What’s My Lane?

This morning, I read a great, instructive Twitter thread by @writingtheother about white authors writing BIPOC characters.

FWIW, a few stray thoughts:

  1. I’m sympathetic to the argument that artists should be able to write, draw, sing, sculpt any old thing they want to, the only limit being their desire to do so.
    • This doesn’t mean writers (the artists I’m concerned with here) would be smart to do so.
    • Or that there are no consequences or politics involved in one’s choice of protagonist.
  2. Personal: I grew up, left, and now live again on the west side of Chicago, in Oak Park. I’m white. To write about this place in fiction and not include BIPOC characters would be a disservice not only to my own experience of my community but to race as it is lived here. I guess Oak Park native Ernest Hemingway managed to not write any BIPOC protagonists (that I’m aware of). Another Oak Parker, Edgar Rice Burroughs (the Tarzan guy), certainly DID write BIPOC characters in the colonialist mode. Me Tarzan, me problematic by contemporary social standards of representation.
  3. I wrote a dissertation about the history of cultural entanglement on the Micronesian island of Pohnpei, 1844-2019. The point of a dissertation is literally to “occupy a space” that has not been occupied. (Otherwise, what’s the point?) There’s no justification for me writing this rather than an islander except that nobody else was going to write this particular thing (trust me). There’s plenty of space for future scholars to take up the strands I outlined and play around. Or ignore them. At the end of the day, it’s a “contribution” not the last word on anything.
    • I find “entanglement” to be a preferable metaphor to “lanes” when thinking about cultural and racial cross-pollination (to mix the metaphor further!) — it allows that one race/culture is not isolated from another.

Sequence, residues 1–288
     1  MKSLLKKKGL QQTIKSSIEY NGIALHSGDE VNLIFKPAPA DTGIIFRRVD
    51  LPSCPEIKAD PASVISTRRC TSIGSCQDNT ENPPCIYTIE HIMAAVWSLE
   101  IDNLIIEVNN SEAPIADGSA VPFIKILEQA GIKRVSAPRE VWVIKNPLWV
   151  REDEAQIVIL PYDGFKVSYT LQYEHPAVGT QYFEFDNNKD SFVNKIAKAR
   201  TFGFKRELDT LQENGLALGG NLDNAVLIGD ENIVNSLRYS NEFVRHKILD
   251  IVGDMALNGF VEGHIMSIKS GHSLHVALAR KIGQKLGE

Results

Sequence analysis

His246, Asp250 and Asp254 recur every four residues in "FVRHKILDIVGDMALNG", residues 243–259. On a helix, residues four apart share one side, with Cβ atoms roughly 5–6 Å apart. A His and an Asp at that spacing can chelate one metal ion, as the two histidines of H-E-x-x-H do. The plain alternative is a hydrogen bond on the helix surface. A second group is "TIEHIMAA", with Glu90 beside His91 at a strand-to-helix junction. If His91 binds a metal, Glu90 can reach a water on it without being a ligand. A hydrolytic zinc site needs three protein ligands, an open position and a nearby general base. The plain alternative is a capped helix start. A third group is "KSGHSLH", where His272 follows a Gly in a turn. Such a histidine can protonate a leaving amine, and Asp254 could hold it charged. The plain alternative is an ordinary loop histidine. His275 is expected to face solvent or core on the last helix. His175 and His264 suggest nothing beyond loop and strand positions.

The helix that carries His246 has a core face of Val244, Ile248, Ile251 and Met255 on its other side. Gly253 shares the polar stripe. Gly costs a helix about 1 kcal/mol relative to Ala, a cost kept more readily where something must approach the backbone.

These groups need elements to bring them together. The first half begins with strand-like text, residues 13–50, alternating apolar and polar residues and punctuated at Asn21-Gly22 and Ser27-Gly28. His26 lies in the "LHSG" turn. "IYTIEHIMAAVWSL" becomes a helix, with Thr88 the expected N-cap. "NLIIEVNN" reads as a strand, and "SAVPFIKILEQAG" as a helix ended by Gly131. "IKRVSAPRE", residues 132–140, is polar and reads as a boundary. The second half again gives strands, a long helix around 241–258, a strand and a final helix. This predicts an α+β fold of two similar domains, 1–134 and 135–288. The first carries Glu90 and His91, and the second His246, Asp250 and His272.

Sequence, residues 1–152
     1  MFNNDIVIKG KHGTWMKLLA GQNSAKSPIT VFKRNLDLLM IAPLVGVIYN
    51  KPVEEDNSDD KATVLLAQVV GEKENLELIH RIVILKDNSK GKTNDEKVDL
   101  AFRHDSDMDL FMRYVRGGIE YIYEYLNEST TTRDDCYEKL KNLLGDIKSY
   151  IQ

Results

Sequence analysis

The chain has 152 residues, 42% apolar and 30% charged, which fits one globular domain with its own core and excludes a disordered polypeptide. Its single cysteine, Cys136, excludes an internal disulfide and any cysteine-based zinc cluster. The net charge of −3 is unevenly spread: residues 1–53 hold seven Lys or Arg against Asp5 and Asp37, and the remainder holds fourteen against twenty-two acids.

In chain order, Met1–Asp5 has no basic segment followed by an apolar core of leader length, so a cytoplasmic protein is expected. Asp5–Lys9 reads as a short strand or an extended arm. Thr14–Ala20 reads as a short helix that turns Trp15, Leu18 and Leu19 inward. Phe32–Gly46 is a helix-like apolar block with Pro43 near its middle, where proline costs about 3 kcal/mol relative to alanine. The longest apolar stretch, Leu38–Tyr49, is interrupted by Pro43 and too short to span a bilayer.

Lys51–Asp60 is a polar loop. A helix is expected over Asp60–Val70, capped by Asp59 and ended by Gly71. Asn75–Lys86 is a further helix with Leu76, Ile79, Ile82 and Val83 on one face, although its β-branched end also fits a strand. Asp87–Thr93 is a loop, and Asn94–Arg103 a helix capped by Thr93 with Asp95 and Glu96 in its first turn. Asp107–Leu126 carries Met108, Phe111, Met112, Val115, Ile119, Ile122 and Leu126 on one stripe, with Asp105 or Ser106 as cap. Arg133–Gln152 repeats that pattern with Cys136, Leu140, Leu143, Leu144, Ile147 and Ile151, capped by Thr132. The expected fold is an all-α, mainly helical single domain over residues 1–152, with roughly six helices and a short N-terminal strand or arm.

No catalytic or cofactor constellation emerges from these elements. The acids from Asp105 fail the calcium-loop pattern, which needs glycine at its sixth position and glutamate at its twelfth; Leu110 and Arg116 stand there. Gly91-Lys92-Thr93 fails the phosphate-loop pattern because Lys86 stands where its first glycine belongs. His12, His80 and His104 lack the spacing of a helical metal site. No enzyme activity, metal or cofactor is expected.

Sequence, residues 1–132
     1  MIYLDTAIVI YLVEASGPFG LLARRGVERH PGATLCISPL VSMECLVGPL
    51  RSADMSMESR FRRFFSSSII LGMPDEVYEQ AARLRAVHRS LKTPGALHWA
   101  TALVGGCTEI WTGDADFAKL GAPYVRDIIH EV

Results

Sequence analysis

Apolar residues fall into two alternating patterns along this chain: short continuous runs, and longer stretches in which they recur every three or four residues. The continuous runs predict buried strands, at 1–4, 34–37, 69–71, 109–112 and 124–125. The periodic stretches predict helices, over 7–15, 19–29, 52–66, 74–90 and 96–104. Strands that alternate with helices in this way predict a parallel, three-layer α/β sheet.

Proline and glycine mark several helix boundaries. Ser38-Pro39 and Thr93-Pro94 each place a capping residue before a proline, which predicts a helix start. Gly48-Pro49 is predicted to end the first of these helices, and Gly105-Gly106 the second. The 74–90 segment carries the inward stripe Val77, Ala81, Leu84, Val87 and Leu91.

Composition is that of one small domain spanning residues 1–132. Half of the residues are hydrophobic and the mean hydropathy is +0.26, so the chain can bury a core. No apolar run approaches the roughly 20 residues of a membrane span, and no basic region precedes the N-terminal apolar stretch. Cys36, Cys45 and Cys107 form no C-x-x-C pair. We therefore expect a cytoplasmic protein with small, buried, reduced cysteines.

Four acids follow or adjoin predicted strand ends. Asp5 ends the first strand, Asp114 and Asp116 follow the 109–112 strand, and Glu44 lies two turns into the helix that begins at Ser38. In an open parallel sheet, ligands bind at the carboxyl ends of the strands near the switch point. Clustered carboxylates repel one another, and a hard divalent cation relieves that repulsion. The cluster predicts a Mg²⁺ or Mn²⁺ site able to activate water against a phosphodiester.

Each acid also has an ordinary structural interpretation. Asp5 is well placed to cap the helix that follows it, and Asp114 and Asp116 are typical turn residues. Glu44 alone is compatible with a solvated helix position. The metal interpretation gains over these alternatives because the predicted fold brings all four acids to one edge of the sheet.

• That does not mean that any old writer “gets” to write from the POV of another race. Or maybe they “get” to do so, but they will not be taken seriously.
    • Oh! The privilege to be able to write a dissertation at all, let alone on this topic, is not lost on me. It was, and remains, a great gift to have been able to think those thoughts.
    • I did get asked a version of “what gives you the right?” at conferences: my usual answer was to talk about my personal relationship to the topic (I lived on Pohnpei for eleven years). I started writing about my own life, which I think is mine to write about, and used that as a starting point to explore the past and consider the future of the place I lived in. An island I care about deeply and upon which friends and family reside. Perhaps that’s a dodge. Truthfully, I don’t have the “right”: Who could ever give such a “right”? But I do have a duty, I think, to follow my own passions and explore the world around me to the best of my ability — even if I necessarily fall short of being completely free of bias or prejudice. The duty is to life in general. We’re given one life and one set of passions, if that leads you to other places, other people… be respectful and learn, I guess.
  4. I suppose the point that @writingtheother was driving home is that, sure, you can write a BIPOC character but don’t be dumb about it. Don’t romanticize, fetishize, otherize, colonize, etc.
Maybe the first step is to be invited to the ceremony.

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